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Drill one #29 hole on both ends of the electrical tubing.  Make sure that both holes line up along the pipe.  You may be able to get away with using 10-24 screws and tap but I like using 8-32’s because the side wall of the conduit is rather thin.

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Run the tap through the holes.  Backing it in and out a couple times completing the threads.

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Give all of the parts a quick paint job in the color of your choice.

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The plastic end caps I used are available online.  I provided a link at the beginning of this article. #C24-U2-BK for 1/2″ EMT

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Center and square up the end cap in the pipe, and a quick blow from a mallet at the other end drives them into place.


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Pre-drill holes for the attaching screws in whatever door or drawer you’re working on.  The holes in the wood should be the same distance apart as the tapped holes in the conduit.  Screw length will depend on how long you made your standoffs and your drawer/door thickness.  If the screws are a bit short or you are using false drawer fronts, consider counterboring the screw head to either gain a little screw length or to make sure the screw head doesn’t interfere with your drawer front.


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Start the screws by hand making sure not to cross-thread the screw.  Adjust the handle and standoff as you tightening the screws keeping everything lined up.  Tighten securely.

DIY door drawer handles pulls 19I came up with this design to combat expensive hardware prices as I probably have over 50 drawers in my shop.  Thanks for looking and always questions and comment are always appreciated.  Have Fun!


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18 Responses

  1. garym53

    The link to the plastic end caps is broken (“Please contact system adminstrator(sic) “).
    It may be just down for maintenance (spell checking?) so I will check later.

  2. Francis Englert

    Awesome Idea!! Can’t wait to use it but just one question. You used 1/2 in conduit but 3/4 in plugs how did they fit? Did any of them break because they were to big?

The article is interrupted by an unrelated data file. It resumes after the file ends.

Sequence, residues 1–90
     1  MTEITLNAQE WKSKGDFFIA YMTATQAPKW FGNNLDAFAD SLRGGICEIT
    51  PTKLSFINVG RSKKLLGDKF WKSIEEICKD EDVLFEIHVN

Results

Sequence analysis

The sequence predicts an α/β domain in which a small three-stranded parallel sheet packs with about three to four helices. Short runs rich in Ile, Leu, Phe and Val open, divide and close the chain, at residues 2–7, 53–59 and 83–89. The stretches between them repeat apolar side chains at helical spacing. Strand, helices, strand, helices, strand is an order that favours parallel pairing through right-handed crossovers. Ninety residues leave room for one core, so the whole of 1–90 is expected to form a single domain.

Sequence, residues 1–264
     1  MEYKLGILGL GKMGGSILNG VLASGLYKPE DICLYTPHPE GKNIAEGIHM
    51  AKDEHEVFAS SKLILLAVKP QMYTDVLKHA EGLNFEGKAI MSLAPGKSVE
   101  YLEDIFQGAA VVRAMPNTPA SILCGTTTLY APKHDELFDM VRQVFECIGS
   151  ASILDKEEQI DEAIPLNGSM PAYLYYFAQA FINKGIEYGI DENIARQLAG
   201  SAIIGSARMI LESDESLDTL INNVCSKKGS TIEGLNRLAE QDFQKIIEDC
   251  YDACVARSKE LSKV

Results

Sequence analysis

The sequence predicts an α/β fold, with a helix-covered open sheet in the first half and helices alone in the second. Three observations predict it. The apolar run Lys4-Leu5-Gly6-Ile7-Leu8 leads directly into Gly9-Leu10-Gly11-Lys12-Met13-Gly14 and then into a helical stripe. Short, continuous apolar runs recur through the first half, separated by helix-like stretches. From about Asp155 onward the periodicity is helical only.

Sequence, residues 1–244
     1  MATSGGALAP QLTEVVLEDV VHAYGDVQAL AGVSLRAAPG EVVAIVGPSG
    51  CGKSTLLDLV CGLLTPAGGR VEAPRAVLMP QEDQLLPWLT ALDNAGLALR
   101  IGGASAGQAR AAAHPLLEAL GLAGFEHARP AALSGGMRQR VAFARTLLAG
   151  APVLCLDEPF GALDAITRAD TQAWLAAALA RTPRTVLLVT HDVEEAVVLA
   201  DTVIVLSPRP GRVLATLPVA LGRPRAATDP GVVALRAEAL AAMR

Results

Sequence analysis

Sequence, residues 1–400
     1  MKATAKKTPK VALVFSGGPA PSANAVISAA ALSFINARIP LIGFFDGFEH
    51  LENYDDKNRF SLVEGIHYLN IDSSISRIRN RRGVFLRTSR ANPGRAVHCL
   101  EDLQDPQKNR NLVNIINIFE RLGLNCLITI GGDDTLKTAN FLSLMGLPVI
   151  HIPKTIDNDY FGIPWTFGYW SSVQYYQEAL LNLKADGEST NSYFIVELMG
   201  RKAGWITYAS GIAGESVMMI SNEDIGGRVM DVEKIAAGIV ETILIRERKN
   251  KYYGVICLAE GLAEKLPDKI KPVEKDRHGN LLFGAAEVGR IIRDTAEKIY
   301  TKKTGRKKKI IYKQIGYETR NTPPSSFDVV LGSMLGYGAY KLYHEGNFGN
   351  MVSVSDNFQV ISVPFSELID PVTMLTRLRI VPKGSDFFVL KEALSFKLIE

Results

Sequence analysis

• Nick

      thank you – they make it confusing – 1/2″ EMT conduit outside diameter is approximately 0.70″ and the plug end is around 0.75″ but the fins that hold the plug in place are a fair amount smaller – it is a snug fit but it works – hope that helps

  3. Rod O'Brien, Sr.

    Nick, I love these handles both aesthetically and financially. I can’t imagine what you’d have to pay for handle that big and nice. $$$$$$$$? Keep up the great work. P.S. Love the humor too.

  4. BUZ

    Would you know what size hole saw to use for 3/4″ conduit and pvc to make the fishmouth in the pvc?

    • Nick

      If you choose to go with 3/4″ conduit instead of 1/2″, I would use a 1″ bit for the stand-offs

  5. John Bennett

    Nick.. Love the draw pulls. I tried to get some of the caps, but the number is not good. Need help!

    • Nick

      I already answered your comment on youtube yesterday regarding that – I tried it and link and part number in the article work – keep in mind the “BK” is the color

  6. Amy liguori

    Awesome drawer pulls! Can you make some for me? I need 10.

  7. Steve M

    Hi Nick. Great idea. I am trying it out but using the hole saw to cut the PVC jams the hole saw up pretty good and pretty quick and its a real pain to clear. Did you find that? Thanks again

    • Nick

      occasionally but it wasn’t a huge issue for me – I would try and make the cut feed rate a little slower and see if that helps